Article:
West-End Machine services, offering TIG, MIG, Oxy-Acetylene,
stainless steel, and aluminum welding.

West-End Machine serves Richmond, Chesterfield, Henrico,
Mechanicsville, Goochland, Ashland, and the Central VA areas.

Call for a quote or scheduling. (804)266-9631. 

Welding is the process of melting metals or thermoplastics and adding a filler material to fill gaps and produce a secure coalescence between the original materials.

Welding naturally produces a stronger bond than soldering or brazing because the original materials are melted and interact in a molten form to create a juncture that is nearly as strong (sometimes as strong or stronger than) the surrounding materials. Welding rods, wire, or sticks of differing materials act as fillers and/or catalysts in forming the bond.

Although welding is performed in a number of ways, in this commercial context we are concerned with the various types of electric arc and gas flame welding. These methods are simpler and less expensive than plasma, laser, ultra sound, forge, or pressure welding.

For commercial and residential applications oxy-acetylene welding, shielded and non-shielded arc welding, MIG and TIG welding are sufficient to fabricate or repair common applications.

Oxy-acetylene welding combines oxygen and a fuel (acetylene) to produce an extremely hot flame that melts metal. A filler material is usually added to supply material for filling space between the materials to be joined. Oxy-acetylene torches are also used for metal cutting. The hot flame cuts metal by melting a kerf through the material. Waste material flows away as oxide slag.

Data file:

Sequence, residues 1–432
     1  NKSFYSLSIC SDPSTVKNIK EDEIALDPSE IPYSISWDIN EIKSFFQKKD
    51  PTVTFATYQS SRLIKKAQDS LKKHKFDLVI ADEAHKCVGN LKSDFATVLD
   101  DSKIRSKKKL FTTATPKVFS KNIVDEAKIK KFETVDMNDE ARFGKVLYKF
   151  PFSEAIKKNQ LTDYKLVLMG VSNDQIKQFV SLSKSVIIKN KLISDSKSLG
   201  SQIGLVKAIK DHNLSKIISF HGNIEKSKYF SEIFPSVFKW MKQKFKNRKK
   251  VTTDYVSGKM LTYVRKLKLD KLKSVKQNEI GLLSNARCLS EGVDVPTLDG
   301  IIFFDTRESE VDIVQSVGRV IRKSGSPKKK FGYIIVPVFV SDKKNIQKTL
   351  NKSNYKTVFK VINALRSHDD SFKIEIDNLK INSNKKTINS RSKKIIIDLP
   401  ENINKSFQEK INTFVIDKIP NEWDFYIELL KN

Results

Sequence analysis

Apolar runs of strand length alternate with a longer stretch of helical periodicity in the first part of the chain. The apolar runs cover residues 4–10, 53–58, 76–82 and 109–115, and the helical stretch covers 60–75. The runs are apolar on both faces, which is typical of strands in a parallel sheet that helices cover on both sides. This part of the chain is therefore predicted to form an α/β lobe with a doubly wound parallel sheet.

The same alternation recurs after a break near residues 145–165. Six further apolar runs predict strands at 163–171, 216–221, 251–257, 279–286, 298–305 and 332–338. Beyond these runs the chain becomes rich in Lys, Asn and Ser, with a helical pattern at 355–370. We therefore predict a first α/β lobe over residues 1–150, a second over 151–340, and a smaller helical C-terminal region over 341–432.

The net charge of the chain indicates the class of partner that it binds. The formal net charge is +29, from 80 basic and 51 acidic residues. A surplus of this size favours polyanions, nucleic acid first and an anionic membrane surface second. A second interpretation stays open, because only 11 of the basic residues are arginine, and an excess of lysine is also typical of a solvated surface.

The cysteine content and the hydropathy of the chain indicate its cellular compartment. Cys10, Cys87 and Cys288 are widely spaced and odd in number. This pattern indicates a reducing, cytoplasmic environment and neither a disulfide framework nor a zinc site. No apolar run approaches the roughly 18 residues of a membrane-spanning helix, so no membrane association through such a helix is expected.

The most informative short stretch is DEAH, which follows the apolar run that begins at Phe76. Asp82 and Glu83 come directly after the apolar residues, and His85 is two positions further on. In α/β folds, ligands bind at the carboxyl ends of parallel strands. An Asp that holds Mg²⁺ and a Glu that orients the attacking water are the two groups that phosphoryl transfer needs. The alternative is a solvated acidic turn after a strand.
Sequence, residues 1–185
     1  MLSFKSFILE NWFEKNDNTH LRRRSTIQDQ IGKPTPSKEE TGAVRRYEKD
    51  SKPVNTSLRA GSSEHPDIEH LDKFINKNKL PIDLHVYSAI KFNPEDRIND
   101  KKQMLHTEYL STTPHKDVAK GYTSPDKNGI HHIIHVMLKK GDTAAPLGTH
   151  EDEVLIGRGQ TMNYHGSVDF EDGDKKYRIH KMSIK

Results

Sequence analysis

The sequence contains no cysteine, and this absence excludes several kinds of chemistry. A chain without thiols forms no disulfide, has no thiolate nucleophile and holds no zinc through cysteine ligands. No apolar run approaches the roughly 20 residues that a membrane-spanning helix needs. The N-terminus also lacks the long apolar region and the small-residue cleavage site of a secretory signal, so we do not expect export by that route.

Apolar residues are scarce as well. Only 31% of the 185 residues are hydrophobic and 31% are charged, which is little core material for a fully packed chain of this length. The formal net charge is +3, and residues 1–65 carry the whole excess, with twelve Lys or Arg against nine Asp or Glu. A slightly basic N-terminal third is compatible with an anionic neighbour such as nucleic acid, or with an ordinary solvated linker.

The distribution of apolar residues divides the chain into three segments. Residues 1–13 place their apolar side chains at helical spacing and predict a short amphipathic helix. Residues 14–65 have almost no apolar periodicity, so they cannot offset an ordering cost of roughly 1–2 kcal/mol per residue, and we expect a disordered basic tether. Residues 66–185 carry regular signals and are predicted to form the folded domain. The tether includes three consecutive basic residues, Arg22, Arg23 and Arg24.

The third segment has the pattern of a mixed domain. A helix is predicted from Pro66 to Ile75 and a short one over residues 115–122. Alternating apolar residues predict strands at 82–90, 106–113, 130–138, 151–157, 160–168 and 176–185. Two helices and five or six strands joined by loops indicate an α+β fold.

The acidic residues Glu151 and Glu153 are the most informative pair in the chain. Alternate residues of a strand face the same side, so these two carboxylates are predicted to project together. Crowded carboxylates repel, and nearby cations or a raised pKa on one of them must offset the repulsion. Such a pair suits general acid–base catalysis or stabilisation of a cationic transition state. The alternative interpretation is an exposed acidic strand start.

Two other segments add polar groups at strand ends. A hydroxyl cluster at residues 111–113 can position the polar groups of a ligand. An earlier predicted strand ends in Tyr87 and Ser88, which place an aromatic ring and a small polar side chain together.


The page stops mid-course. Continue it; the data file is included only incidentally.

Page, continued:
Non-shielded arc welding requires a strong electrical source at high current. Thicker materials demand higher current. The welder must melt the two pieces to be joined, forming and maintaining a constant-sized plasma pool as the weld advances. Advanced skill is required to produce a clean, even weld.

Shielded arc welding is also commonly known as stick welding. The stick, or welding rod, can be made of any number of alloys and is usually coated with a flux material that, as it is consumed in the heat, forms a protective gaseous shield around the weld that allows the operator to work without the need for exact control, speed and electrical current.

MIG Welding (metal inert gas welding) uses a consumable wire that is automatically or semi-automatically fed through a welding gun along with an inert gas to shield the weld from splash-producing ambient atmosphere oxygen and other active gas traces. This process can produce a clean, even weld that is strong and unimpaired by bubbles or impure slag. MIG is the most commonly used welding method in commercial applications.

TIG Welding is especially suited for lightweight stainless steel, aluminum, magnesium, and copper alloys. It employs a non-consumable tungsten electrode and an inert shielding gas, usually argon, to produce a finely controlled weld. The advantage of fine control is balanced by the disadvantage of being much slower than other types of welding. A filler metal is usually added although some TIG welds can be made autogenously with no filler.